• “In writing, we are what we eat, drink, wear; where we sleep, dine, etc. Details give your work texture, depth, and credibility. When you edit, ask yourself: Would this character really drive an SUV? Eat crème fraîche? Sit in an Eames chair, wear pearls, use a fancy pen, sleep on a futon, drink cheap Scotch?" (120).
    • “When you edit, remove the random details. Significant details are the ones that describe more than what is visual… Choose the detail that has an echo behind it” (121).
    • “Dialogue, like detail, offers the chance to build or destroy a character’s credibility” (122).
  • Continuity: visuals, character
    • “Continuity is best understood by discussing its opposite. Discontinuity shows up when a black dog on page 4 is brown on page 200. Or a woman tells her husband on page 10 she’s going to the doctor on Tuesday afternoon, but on page 120 she refers to Tuesday afternoon’s bridge game. It is hard to recall every tiny thing you put down, and keep it right a hundred pages later” (125).
  • Show and tell
    • “Structure is a critical ally when you are telling instead of showing: in other words, when to tell is as important as what to tell. When you edit, take note where your reading slows down. Then decide if that section is weak because you are explaining instead of enacting an idea” (128-129).
  • Beginnings, endings, transitions
    • “Many writers do not find the first sentence on their book until they edit, because only then, on reading their draft, do they discover that the beginning is hiding on page 3 or 4” (131).
    • “We need to think harder about not just the first words of a book or story, but of a chapter, section, or even paragraph that we are writing. Beginnings occur all through our work, again and again. To edit is, in part, to check if each beginning is sound, or if you’ve allowed in throwaways” (131).
    • “In short, when you edit, add authority and sway to your beginnings; see if your chapters and paragraphs end with finality; and relate one paragraph to the next” (134).

Bell concludes these two sections with a caution: “try hard to hear the editorial wind when it shifts to worsening, not improving, your work. Then stop, undo the last edit, and applaud yourself for having brought your writing to a state of laudable imperfection” (135). Or, as Jennie Nash calls it, the “good enough” manuscript.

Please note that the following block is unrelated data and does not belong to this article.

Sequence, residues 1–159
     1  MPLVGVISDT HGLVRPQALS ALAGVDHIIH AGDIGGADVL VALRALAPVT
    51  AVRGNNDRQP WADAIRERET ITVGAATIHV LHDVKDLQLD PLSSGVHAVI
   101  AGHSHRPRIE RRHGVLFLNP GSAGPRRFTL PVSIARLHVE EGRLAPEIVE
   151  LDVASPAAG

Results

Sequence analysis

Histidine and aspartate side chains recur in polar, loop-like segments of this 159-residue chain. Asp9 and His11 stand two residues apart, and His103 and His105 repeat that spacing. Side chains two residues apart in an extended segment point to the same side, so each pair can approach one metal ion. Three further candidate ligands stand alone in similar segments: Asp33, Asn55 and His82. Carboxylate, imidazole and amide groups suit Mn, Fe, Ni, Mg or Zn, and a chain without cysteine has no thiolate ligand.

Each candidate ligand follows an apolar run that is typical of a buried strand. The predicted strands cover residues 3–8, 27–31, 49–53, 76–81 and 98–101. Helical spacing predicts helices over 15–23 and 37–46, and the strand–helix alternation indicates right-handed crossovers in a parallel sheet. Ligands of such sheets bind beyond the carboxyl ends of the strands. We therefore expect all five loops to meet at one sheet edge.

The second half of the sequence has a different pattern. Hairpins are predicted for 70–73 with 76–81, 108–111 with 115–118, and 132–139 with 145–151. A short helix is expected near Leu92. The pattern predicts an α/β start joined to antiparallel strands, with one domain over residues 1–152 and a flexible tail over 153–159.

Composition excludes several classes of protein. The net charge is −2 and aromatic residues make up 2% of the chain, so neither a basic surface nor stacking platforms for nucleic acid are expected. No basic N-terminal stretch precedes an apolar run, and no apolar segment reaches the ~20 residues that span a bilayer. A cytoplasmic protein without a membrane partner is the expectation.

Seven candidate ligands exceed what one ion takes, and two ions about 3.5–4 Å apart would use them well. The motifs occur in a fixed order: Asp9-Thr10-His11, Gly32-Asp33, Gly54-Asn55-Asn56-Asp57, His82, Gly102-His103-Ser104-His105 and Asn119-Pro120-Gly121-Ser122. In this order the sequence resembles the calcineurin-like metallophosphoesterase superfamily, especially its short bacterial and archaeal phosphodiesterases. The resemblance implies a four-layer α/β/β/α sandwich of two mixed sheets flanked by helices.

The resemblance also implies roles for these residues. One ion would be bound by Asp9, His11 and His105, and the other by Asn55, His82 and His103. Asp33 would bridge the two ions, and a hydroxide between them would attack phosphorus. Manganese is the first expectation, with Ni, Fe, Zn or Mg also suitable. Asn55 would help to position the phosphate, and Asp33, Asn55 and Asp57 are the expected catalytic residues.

Section 4: Master Class

In this section of the book Bell includes discussions by three writers and two artists of their revision processes.

Section 5: Servants, Dictators, Allies: A Brief History of Editors

The final section, as you can tell from the title, contains a brief and interesting history of editors. Bell concludes by writing, “In the last thousand years, editors have roughly gone from servile to celebrated to censorial to collaborative, and finally, to corporate. The most superb editors in any era cannot always come through for a writer. They may be brilliant, but coercive, like Pound; patient, but autocratic, like Shawn; or well intentioned, but squeezed for time, like most editors working today. Therefore, we must read our own drafts with strict care and pride; the way we read, not just write, will matter immensely” (210-211).

Conclusion

I highly recommend this book to any writer who wants to develop their own editing/revising skills. Even though the book’s prose is a little denser than some, the resources found within are well worth the time and effort it takes to read it. While I’ve highlighted some gems here, another very valuable part of this book is the exercises found throughout.

If you decide you would like to purchase this book, please consider using my affiliate link in order to support my work at the same time.